The Scientist recently published a proposal for a new rule on consulting by National Institutes of Health scientists.1 Under this rule, consulting would be "prohibited when it involves drug, device or product related to [the scientist's] research; permitted when company products are unrelated to [the scientist's] research." But this rule, proposed by the Executive Committee of the NIH Assembly of Scientists, is remarkably similar to the rules that were in existence during the 8-year period that ended in December 2003 with the Los Angeles Times' exposé of conflicts of interest at NIH.2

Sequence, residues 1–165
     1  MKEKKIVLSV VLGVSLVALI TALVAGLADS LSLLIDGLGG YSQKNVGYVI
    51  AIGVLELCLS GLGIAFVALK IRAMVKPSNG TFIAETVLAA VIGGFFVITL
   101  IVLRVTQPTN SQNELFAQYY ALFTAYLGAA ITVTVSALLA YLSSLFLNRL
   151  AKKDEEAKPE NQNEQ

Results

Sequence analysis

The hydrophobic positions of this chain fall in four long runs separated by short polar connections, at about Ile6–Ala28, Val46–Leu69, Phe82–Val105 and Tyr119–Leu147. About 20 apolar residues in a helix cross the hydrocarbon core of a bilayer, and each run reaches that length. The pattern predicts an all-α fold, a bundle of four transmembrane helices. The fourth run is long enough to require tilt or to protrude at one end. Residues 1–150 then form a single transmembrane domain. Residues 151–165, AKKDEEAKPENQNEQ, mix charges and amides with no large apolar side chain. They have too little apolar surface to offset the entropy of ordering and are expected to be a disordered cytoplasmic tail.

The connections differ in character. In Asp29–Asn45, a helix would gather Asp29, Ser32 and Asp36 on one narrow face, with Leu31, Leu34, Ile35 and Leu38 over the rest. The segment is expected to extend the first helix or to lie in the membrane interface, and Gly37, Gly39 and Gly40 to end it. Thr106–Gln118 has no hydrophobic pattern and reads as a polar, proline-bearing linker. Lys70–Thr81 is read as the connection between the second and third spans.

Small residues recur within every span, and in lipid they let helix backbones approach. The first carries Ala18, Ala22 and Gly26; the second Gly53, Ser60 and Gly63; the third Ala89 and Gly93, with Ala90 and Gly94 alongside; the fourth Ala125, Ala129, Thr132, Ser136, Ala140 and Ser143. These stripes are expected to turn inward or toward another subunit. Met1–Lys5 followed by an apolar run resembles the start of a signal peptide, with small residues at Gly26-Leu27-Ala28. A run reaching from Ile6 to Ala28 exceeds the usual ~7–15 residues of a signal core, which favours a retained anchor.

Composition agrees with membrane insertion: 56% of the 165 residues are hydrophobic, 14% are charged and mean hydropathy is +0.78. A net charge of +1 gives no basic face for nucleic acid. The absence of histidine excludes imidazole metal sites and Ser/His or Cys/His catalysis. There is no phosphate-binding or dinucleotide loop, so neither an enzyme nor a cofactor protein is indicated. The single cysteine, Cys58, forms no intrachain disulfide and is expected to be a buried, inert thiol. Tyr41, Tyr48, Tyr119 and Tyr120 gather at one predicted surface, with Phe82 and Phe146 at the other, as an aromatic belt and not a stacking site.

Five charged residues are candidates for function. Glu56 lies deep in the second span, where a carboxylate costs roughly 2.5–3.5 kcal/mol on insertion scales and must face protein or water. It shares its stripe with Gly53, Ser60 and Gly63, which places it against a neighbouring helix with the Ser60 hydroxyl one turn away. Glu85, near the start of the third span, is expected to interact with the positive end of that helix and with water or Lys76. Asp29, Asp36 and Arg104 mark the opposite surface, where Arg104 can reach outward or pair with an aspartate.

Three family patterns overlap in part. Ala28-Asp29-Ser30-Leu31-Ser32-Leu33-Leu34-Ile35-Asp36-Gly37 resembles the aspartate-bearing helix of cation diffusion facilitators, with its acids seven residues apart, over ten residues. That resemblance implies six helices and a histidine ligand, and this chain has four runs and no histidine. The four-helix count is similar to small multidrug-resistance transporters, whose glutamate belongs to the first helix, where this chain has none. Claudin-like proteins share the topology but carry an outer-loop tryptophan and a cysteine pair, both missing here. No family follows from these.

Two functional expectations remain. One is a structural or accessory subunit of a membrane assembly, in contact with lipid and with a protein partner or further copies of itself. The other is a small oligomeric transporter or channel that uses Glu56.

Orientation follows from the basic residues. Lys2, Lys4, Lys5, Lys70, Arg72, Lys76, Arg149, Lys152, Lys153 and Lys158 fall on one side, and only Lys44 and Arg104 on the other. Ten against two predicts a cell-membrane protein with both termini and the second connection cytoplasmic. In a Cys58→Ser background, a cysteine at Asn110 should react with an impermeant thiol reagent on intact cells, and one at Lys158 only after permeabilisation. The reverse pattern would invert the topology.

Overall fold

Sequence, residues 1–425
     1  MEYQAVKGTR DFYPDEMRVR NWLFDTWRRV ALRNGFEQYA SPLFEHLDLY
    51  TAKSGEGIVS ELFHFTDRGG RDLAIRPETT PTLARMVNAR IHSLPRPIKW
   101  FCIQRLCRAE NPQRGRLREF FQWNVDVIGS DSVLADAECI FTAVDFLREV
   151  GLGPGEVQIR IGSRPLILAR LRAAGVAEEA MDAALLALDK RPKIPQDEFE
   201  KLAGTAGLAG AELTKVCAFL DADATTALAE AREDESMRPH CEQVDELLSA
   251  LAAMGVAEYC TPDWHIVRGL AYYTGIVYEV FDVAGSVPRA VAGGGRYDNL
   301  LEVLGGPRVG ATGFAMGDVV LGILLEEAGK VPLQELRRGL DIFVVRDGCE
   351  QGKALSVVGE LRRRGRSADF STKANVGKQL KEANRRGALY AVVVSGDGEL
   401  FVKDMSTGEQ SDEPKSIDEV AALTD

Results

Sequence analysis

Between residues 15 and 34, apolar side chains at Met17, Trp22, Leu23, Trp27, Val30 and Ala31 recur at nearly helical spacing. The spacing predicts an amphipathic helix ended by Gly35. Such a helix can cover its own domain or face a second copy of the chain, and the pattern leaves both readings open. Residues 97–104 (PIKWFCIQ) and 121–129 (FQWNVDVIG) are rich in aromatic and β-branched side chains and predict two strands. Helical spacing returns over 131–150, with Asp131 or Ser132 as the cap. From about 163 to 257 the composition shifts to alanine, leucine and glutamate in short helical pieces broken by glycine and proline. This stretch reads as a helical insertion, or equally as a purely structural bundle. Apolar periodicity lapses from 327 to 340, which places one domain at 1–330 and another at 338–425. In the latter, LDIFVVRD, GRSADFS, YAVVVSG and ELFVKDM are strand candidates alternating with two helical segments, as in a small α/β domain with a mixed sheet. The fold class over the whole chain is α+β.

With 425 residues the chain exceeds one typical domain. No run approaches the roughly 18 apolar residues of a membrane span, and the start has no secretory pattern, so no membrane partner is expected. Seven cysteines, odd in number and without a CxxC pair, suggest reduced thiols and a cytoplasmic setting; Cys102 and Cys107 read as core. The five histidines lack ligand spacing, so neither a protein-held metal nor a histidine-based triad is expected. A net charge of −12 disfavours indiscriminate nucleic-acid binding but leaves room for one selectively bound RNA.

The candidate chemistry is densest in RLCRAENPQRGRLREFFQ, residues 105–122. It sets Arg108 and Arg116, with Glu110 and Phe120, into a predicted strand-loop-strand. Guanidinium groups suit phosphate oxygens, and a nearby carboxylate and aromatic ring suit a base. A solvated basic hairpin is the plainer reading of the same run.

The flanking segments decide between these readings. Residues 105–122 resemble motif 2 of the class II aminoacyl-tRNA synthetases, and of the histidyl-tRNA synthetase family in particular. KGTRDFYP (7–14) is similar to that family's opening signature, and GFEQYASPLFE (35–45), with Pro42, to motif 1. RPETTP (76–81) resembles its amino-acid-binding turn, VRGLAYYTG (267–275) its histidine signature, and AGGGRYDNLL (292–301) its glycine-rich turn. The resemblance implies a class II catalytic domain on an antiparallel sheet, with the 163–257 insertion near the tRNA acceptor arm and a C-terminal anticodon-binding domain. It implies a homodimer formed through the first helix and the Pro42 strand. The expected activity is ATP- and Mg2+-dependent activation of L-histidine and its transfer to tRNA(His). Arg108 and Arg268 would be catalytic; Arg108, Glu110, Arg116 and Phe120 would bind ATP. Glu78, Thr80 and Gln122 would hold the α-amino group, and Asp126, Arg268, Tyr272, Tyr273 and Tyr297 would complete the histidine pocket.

During this 8-year period, hundreds of NIH scientists were consultants for drug and biotech companies. Many other NIH scientists and officials approved of or were aware of the consulting. The consulting was unknown to the public and members of Congress. Throughout the entire period, not one of the hundreds at NIH (including the 17 members of...

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